lithium battery
Image by Marilyn Murphy from Pixabay

Department of Energy-Funded Ultrafast Lithium Battery Charges in Just Five Minutes

New research funded by the Department of Energy has created a potentially revolutionary lithium battery that can be fully charged in only five minutes. State-of-the-art lithium-ion batteries, which power everything from mobile phones to electric cars, can take hours to fully charge, frustrating electric vehicle owners and high-volume phone users alike.

The Cornell University researchers behind the new lithium battery caution that the design has limitations, including a high weight that may make it impractical for some applications. Still, they say that their discovery could point the way to other materials that share the same fast-charging properties without the same limitations, potentially revolutionizing entire industries.

New Lithium Battery Could Cure Range Anxiety

Where mobile phones can be charged almost anywhere, and backup battery packs can dramatically increase usage times between charges, electric vehicles have yet to find an easy, practical solution to slow charging times. The result is a phenomenon that researchers call “range anxiety,” meaning a fear of taking electric vehicles on long trips due to the fact that recharging them could take hours.

To combat this phenomenon, electric vehicle manufacturers have increased battery sizes that can extend the miles between charges. Unfortunately, the added weight of larger batteries reduces their efficiency, resulting in even longer and slower recharging times to reach full capacity.

“Range anxiety is a greater barrier to electrification in transportation than any of the other barriers, like cost and capability of batteries,” said Lynden Archer, professor of engineering and dean of Cornell’s College of Engineering, who oversaw the project.

However, says Archer, if one can charge their EV’s battery in five minutes, one no longer needs to have a battery that’s big enough for a 300-mile range. “You can settle for less, which could reduce the cost of EVs, enabling wider adoption,” the professor explains.

Novel Electrical Properties Allow Indium-Based Lithium Battery to Charge in Minutes

To try to reduce EV charging times from hours to a few minutes, Archer’s team looked for a material that had the right mix of electrical and material properties to accomplish the task. They soon landed on a soft metal called Indium. While not currently used to make batteries, Indium is already widely used to create Indium-tin oxide that coats anything from solar panels to touchscreen displays. This means it is available at a reasonable cost and at an industrial scale.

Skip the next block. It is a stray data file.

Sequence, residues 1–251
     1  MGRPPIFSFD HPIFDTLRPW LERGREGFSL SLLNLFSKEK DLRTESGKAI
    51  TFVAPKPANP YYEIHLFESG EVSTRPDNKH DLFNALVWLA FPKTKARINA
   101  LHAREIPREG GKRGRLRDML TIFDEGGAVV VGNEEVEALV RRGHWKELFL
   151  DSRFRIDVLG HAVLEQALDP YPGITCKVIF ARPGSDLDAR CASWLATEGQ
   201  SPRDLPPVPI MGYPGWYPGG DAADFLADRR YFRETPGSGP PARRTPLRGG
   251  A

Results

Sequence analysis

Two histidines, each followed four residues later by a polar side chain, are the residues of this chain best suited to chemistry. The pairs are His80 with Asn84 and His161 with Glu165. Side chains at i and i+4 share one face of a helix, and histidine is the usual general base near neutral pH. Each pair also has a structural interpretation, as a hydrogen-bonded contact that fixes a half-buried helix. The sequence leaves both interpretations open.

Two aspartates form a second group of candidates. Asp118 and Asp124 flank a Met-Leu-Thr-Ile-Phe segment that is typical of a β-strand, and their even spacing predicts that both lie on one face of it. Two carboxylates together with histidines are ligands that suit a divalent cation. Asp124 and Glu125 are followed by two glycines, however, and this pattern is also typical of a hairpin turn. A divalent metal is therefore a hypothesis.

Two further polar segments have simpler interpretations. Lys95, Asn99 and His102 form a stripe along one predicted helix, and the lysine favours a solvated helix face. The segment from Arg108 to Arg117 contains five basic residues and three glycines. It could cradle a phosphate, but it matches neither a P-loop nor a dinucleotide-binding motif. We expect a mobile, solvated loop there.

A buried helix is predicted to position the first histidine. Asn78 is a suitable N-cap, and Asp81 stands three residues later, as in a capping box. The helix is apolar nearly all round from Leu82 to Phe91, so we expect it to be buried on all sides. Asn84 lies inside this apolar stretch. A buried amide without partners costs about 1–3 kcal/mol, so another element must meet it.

According to the researchers, the key components making Indium a candidate for a fast-charging battery are an extremely low migration energy barrier, “which sets the rate at which ions diffuse in the solid state,” and a relatively modest exchange current density, “which is related to the rate at which ions are reduced in the anode.”

lithium battery
After fast charging their new lithium battery, the researchers observed its indium anode had a smooth lithium electrodeposition, whereas other anode materials can grow dendrites that impact the battery’s performance.

“The key innovation is we’ve discovered a design principle that allows metal ions at a battery anode to freely move around, find the right configuration and only then participate in the charge storage reaction,” Archer said. “The end result is that in every charging cycle, the electrode is in a stable morphological state.”

By taking advantage of these two properties, Archer says they were able to create a lithium battery that charges in minutes and can be recharged thousands of times without losing significant capacity. If adapted to electric vehicle designs, they say that this type of battery could effectively eliminate range anxiety.

“We have identified a pathway to eliminate it [range anxiety] using rational electrode designs,” Archer explained.

New Battery Has Limitations But May Point the Way to a Practical Solution

In their published work, which appears in the journal Joule, the researchers caution that due to Indium’s heavy weight, their breakthrough design is not likely to revolutionize the EV industry overnight. Still, they believe that their work can point their fellow engineers in the right direction, potentially leading to a powerful battery that can recharge in mere minutes.

“While this result is exciting, in that it teaches us how to get to fast-charge batteries, indium is heavy,” Archer said. “Therein lies an opportunity for computational chemistry modeling, perhaps using generative AI tools, to learn what other lightweight materials chemistries might achieve the same intrinsically low Damköhler numbers.”

“For example, are there metal alloys out there that we’ve never studied which have the desired characteristics?” Archer asks. “That is where my satisfaction comes from, that there’s a general principle at work that allows anyone to design a better battery anode that achieves faster charge rates than the state-of-the-art technology.”

Christopher Plain is a Science Fiction and Fantasy novelist and Head Science Writer at The Debrief. Follow and connect with him on X, learn about his books at, or email him directly at